In 2014, Flint’s un-elected emergency manager switched the city from safe drinking water from Lake Huron provided through the Detroit Water and Sewerage Department to the polluted Flint River — all in an effort to cut costs.
But the city failed to put in place the proper corrosion controls when it made the switch. The Flint River runs through a very industrial part of Michigan, home to a General Motors facility and DuPont chemical factories. The chemicals used to make the water “safe” made the water corrosive and it began eating away at the city’s lead pipes. Flint’s water is so corrosive that General Motors won’t even use it to make car parts.
Almost immediately after the switch, residents noticed changes in the smell, color and taste of the water coming out of their taps; tests showed high levels of bacteria that forced the city to issue boil advisories.
Samples show off the chart lead levels in Flint’s drinking water. Lead poisoning is incredibly serious. Once lead enters your body, there is no way to get it out. It is especially harmful to the developing brains of children, and can cause permanent brain damage.
Michigan Governor Rick Snyder and the Michigan Department of Environmental Quality were aware of the high levels in Flint’s drinking water for months and yet they kept telling residents that the water was safe to drink.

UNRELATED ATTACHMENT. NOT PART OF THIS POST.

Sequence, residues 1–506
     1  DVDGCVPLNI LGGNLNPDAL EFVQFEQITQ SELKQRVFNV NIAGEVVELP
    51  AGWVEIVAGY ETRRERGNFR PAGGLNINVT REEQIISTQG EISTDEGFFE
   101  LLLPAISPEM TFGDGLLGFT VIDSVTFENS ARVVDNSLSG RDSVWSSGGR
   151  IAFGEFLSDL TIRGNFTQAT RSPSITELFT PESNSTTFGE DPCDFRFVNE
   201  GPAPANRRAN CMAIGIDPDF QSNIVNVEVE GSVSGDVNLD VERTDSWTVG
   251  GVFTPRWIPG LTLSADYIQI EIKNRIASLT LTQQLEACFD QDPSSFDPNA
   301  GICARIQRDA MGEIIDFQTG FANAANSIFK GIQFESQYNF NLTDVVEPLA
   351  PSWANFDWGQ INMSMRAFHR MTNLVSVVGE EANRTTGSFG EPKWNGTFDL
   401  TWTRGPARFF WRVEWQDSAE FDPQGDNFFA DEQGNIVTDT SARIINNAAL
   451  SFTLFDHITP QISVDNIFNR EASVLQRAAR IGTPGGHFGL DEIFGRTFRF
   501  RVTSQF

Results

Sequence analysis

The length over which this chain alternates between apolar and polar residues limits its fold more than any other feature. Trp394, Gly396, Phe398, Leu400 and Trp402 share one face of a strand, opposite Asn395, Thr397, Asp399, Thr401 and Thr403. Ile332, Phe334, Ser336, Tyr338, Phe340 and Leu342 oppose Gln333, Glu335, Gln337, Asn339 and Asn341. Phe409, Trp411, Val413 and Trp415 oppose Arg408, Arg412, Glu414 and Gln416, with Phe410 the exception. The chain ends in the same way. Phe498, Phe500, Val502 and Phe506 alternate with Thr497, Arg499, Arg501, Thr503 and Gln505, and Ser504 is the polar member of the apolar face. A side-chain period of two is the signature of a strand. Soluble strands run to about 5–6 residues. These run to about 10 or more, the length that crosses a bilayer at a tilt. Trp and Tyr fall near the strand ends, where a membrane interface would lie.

Food & Water Watch organizer Lynna Kaucheck has been working with the residents of Flint to ensure that their water is safe and affordable and to hold those that are responsible for this man-made public health emergency accountable. More than 27,000 Food & Water Watch supporters helped bring national attention to this issue by signing a petition calling on city and state officials to switch the city’s water back to the Detroit Water and Sewerage Department’s drinking water system.
On October 16, 2015, Flint’s drinking water source was finally switched back to Detroit’s drinking water. The problem: Flint’s pipes are permanently damaged and continue to leach lead into Flint’s drinking water.
At the beginning of January 2016 the U.S. Department of Justice opened an investigation into how Michigan has handled the crisis in Flint. Then, Governor Rick Snyder finally issued a state of emergency to begin to give Flint residents the help they deserve, but this is too little too late for many of Flint’s children.
State relief may only provide the city with a small portion of the potentially $1.5 billion it will need to fix its broken water system and give Flint children the healthcare they need. The federal government must step in to help provide support for Flint residents.
Stand with the residents of Flint and ask the U.S. Department of Health and Human Services to declare a public health emergency to get the city federal aid.